Image for What went right this week: land rights victories, plus more

What went right this week: land rights victories, plus more

Land was restored to Indigenous peoples, China smashed its green energy goals, and a new US law to protect pregnant workers came into force, plus more good news

Land was restored to Indigenous peoples, China smashed its green energy goals, and a new US law to protect pregnant workers came into force, plus more good news

This week’s good news roundup

The Indigenous land rights movement made progress

Decades of campaigning are bearing fruit as a new report reveals that the last five years have seen more than 100m hectares (254m acres) of territory across 39 countries restored to Indigenous and Afro-descendant peoples and local communities.

The Rights and Resources Initiative (RRI), a coalition of Indigenous rights organisations, found that as of 2020, these groups own 11.4 per cent of land worldwide. Designation rights, which grant access and use of resources, are recognised over an additional 7.2 per cent. 

The findings were unveiled in the second edition of the RRI’s Who owns the world’s land? report, with progress credited to the UN’s sustainable development goals strategy, the Paris agreement, and campaigning by Land Rights Now.

Besides righting historical wrongs, the ‘land back’ movement is seen as a crucial measure in the climate battle, with research showing how Indigenous territories ward off deforestation. 

“Mounting evidence concludes what Indigenous peoples, Afro-descendant peoples, and local communities have long maintained – that they are the best managers of their lands and resources,” wrote the report’s authors. 

Image: JarnoVerdonk/iStock

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The Church of England broke ties with oil giants

Climate campaigners’ prayers have been answered as the Church of England (C of E) announced it would cease investing in fossil fuels. 

The Archbishop of Canterbury, Justin Welby – himself a former oil industry finance executive – said the move was a direct response to the perils posed to the planet by the climate crisis.

“It is our duty to protect God’s creation, and energy companies have a special responsibility to help us achieve the just transition to the low-carbon economy we need,” he said.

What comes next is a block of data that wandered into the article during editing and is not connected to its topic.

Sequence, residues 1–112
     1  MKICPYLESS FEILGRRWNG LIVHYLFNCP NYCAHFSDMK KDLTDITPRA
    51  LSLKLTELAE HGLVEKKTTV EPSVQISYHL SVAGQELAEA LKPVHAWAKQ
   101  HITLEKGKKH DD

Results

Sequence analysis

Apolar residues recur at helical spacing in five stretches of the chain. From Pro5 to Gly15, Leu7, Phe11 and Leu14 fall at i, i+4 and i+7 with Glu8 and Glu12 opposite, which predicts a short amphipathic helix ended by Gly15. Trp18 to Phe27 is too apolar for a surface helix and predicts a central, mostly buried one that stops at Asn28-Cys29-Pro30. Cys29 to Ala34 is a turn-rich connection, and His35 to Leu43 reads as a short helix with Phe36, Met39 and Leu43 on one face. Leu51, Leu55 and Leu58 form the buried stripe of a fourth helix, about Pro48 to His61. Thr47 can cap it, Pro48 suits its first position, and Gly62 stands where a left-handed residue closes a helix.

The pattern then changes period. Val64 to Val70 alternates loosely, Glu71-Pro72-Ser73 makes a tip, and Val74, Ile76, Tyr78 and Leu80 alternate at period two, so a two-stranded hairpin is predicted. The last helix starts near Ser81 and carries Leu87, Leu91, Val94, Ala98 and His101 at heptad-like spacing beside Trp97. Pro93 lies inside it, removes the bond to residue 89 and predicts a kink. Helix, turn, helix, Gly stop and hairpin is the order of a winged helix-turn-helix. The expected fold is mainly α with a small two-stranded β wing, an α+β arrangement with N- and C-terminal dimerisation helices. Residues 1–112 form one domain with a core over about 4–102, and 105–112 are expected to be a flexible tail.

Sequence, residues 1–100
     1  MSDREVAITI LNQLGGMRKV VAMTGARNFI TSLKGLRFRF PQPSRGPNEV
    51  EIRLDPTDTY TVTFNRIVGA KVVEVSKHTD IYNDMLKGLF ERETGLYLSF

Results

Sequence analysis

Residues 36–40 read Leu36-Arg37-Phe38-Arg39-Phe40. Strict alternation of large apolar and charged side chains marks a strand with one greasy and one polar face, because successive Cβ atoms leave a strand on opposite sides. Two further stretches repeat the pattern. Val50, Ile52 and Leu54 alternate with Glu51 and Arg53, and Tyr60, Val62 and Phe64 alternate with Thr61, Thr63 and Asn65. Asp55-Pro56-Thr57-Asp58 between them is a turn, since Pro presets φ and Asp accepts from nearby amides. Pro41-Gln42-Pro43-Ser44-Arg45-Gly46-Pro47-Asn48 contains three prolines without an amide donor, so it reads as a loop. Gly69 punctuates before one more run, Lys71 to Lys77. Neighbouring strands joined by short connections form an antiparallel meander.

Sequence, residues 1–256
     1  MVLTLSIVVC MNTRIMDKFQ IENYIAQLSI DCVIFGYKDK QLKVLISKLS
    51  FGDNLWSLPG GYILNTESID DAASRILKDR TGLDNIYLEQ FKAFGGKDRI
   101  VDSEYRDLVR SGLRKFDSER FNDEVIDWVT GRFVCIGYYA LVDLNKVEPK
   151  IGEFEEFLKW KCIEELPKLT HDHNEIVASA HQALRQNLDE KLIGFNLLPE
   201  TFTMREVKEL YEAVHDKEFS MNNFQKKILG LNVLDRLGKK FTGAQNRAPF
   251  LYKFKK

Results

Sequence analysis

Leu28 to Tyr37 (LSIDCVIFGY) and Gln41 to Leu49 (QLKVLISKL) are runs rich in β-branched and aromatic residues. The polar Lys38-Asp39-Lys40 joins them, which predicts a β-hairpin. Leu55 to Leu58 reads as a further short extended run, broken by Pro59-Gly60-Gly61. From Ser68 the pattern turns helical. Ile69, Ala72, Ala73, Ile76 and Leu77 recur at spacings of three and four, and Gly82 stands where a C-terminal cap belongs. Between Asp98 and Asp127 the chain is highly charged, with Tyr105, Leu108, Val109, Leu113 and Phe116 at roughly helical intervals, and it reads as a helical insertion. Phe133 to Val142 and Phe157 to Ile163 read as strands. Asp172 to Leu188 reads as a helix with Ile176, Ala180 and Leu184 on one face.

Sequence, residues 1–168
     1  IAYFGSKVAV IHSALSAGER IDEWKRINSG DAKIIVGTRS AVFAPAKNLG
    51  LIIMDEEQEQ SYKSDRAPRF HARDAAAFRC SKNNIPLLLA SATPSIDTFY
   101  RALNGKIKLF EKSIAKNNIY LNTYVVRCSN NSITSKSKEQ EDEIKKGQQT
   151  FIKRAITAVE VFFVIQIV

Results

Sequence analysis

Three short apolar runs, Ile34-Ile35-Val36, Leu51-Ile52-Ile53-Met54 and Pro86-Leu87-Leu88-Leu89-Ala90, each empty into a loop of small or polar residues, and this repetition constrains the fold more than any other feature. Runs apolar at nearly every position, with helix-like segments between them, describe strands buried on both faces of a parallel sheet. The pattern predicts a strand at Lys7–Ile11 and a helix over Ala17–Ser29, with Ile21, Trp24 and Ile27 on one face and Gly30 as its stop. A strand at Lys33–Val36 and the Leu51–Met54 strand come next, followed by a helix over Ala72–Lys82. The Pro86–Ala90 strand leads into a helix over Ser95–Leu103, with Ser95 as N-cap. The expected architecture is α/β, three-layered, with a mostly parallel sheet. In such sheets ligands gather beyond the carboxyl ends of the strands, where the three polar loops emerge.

The C of E also said that oil and gas companies had failed to make sufficient headway in transitioning to renewables. 

The body will divest from oil and gas firms including Shell, BP, Equinor and TotalEnergies in its £10.3bn ($13bn) endowment portfolio. It will also divest a £1.35m ($1.7m) holding in Shell in its pensions fund. 

“After years of trying to change these companies from within, the Church of England has clearly lost faith in Shell and other oil giants’ ability to redeem themselves,” commented Charlie Kronick, an oil finance adviser to Greenpeace UK.

Image: House of Lords

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The UK got tough on image-based sexual abuse

Sharing so-called ‘deepfakes’ will be criminalised for the first time in England and Wales under tough new changes to the online safety bill.

Amendments to the legislation, which is designed to clamp down on illegal and harmful social media content, were tabled this week. They will make it illegal to share explicit images or videos which have been digitally altered to look like someone else without their consent, punishable by up to six months in jail. 

The changes will also make image-based sexual abuse (sometimes referred to as ‘revenge porn’) prosecutions easier by removing the need to prove that perpetrators intended to cause distress. 

The move follows months of campaigning by reality TV star Georgia Harrison, a victim of image-based sexual abuse by her ex-boyfriend Stephen Bear, who was jailed this year. 

The reforms to the law that has been passed today are going to go down in history as a turning point for generations to come…” she said.

Image: Glen Anthony

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China smashed its renewables targets, analysis found

China is on course to smash its green energy goals five years ahead of schedule after an unprecedented boom in renewables, according to analysis by NGO Global Energy Monitor (GEM).

The nation is set to double capacity and generate 1,200GW from wind and solar by 2025 – well ahead of the 2030 pledge made by President Xi Jinping three years ago. 

GEM also reports that China’s installed solar capacity has already hit 228GW – equivalent to over 100 coal-fired power plants and more than the rest of the planet combined –  while wind capacity has doubled to 310GW since 2017.

“This new data provides unrivalled granularity about China’s jaw-dropping surge in solar and wind capacity,” said GEM project manager Dorothy Mei.

The news follows number crunching by Carbon Brief earlier this month, which suggests China’s explosive growth in renewables could see it hit peak emissions next year.

Image: ma li/iStock

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Wales became the first UK nation to ban snares

Wales outlawed glue traps and snares on Tuesday, following a landmark vote in the Senedd.